January 16, 2018 Happy Birthday Anniversary Dave Brown

1974 Michigan Football Team | bigbluefootballhistory.com
Dave Brown (#6) is shown above with the 1974 Big Ten Co-Champion Michgian Football team. He is seated in the front row – seventh man from the left. Photo courtesy of the Bentley Historical Library at The University of Michigan.

Today is a great day to remember the Happy Birthday Anniversary of a Wolverine legend named Dave Brown. David Steven “Dave” Brown was born on this day in 1953. However, before we take a closer look at his stellar Michigan career, we will take care of yesterday and today’s trivia questions.

Part I. Trivia Question of the Day – January 15, 2018:

Who was the youngest Head Coach in Michigan Football History?

Part I. Trivia Question Answer for January 15, 2018:  Gustave Ferbert

Gustave “Dutch” Ferbert played at Michigan from 1893 to 1896. According to the Bentley Historical Library, Michigan’s Student-Alumni Advisory Board (of which Ferbert was a student member) determined that only former students would coach the football team starting in 1897. The popular Ferbert was elected by this body to replace William Ward who had coached the team to a record of 9-1-0 in 1896. The rest as they say is history, albeit a short history. (See link below.)

Gustave Ferbert Michigan Football | bigbluefootballhistory.com

Gustave “Dutch” Ferbert is the youngest head football coach in Michigan Football History. Photo courtesy of the Bentley Historical Library at The University of Michigan.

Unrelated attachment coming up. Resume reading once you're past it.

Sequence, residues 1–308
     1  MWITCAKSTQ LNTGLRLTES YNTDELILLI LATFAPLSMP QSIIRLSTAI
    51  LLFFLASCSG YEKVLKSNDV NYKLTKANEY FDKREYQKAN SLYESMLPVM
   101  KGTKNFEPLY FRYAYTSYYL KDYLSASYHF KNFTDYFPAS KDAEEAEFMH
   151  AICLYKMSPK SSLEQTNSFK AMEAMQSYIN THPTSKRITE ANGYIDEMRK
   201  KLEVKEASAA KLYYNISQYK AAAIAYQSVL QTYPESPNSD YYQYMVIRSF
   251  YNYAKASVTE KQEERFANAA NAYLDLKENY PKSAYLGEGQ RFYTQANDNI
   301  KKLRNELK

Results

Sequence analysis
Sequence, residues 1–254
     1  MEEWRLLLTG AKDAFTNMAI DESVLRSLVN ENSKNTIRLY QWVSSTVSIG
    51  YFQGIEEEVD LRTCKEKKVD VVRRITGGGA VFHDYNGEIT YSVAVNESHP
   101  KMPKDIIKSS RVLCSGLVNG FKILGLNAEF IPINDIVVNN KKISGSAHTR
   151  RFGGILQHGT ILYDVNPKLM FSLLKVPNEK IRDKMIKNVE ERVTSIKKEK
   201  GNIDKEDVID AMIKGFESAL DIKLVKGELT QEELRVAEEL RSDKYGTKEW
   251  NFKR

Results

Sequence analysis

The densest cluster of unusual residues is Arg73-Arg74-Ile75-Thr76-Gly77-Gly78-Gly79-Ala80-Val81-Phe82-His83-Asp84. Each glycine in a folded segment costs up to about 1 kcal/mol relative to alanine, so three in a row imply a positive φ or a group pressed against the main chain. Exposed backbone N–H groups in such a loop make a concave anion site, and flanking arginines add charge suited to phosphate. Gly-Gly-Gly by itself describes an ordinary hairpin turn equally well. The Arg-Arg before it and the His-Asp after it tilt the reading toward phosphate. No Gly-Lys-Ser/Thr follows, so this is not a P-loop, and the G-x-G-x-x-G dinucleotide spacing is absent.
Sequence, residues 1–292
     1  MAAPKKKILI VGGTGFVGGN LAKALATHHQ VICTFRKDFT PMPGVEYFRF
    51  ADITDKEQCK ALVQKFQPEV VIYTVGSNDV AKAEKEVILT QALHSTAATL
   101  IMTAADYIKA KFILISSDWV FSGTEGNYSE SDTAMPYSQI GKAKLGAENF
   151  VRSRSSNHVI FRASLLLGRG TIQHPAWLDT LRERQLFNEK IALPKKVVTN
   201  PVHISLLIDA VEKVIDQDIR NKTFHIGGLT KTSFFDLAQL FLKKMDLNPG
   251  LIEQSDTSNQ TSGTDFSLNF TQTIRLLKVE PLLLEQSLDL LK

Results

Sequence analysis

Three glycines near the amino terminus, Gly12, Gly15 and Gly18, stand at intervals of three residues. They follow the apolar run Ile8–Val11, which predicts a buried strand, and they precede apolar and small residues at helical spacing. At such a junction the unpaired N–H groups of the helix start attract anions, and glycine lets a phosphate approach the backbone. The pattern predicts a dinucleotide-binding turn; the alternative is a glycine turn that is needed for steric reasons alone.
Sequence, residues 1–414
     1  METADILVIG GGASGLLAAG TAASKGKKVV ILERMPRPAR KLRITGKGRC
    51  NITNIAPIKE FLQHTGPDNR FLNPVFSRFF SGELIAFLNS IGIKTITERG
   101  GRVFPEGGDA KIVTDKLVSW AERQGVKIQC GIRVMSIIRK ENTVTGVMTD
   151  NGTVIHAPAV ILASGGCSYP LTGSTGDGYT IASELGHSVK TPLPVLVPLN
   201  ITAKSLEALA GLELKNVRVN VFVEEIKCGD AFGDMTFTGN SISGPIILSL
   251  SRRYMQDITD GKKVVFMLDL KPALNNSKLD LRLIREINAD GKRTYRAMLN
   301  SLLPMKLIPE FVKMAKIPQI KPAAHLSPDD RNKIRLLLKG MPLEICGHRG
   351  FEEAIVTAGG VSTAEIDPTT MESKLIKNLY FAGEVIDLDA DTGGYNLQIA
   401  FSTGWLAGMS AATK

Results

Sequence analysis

So, twenty-four year old Gus Ferbert became the head football coach of the University of Michigan Football team in the fall of 1897. After three successful seasons, Ferbert left Michigan after the 1899 season to discover gold in Alaska. Legend has it that his nine-year adventure in Alaska paid off for Dutch. You can read more about Gustave Ferbert in the articles linked below.

Here is a summary of his outstanding coaching achievements at Michigan:

  • First alumnus to lead the Wolverine football team.
  • Youngest head coach (24 years old) in Michigan Football History.
  • First coach to play/win against Ohio State (1897) Final Score: UM 34 OSU 0
  • First coach to play/win against Michigan Agricultural College (1898) UM 39 MAC 0
  • First coach to achieve a ten-win season (1898) – Final record 10-0-0
  • First coach to win the Western Conference Championship (1898)
  • First Michigan coach to coach an All-American (1898): William Cunningham
  • First coach to win sixteen straight games (1898-1899)
  • Ferbert’s teams won almost eighty-eight percent of their games (.875): 24-3-1

So, Gustave Ferbert was the youongest head coach in Michigan Football history, and, arguably, one of the best! He left a great legacy as a player and a coach that others have tried to emulate for one hundred and seventeen years! Sadly, Gustave Ferbert died on January 15, 1943 at age sixty-nine. May Gustave Ferbert continue to rest in eternal peace. Go Blue!

https://en.wikipedia.org/wiki/Gustave_Ferbert

Part II. Trivia Question of the Day – January 16, 2018:

Who is the only player in Michigan Football History to have a memorial column dedicated in his name at Memorial Stadium in Champaign, Illinois?

Part III. Wolverine of the Day: Dave Brown

Dave Brown was born in Akron, Ohio, but he fulfilled his college football destiny as a Michigan Wolverine. Yes, he came to Ann Arbor, Michigan to play football for Bo Schembechler and man, did he ever play!

Sophomore Dave Brown earned a spot in Michigan’s defensive backfield and started thirty-four straight games from 1972 to 1974. He played strong safety in 1972 and earned All-Conference honors. Brown finished career as a safety where he became a two-time All-American in 1973 and 1974. The 1974 Michigan Football Media guide states that Dave Brown was the “premier defensive back in the league, if not in the country.” Yes, he was really, really good.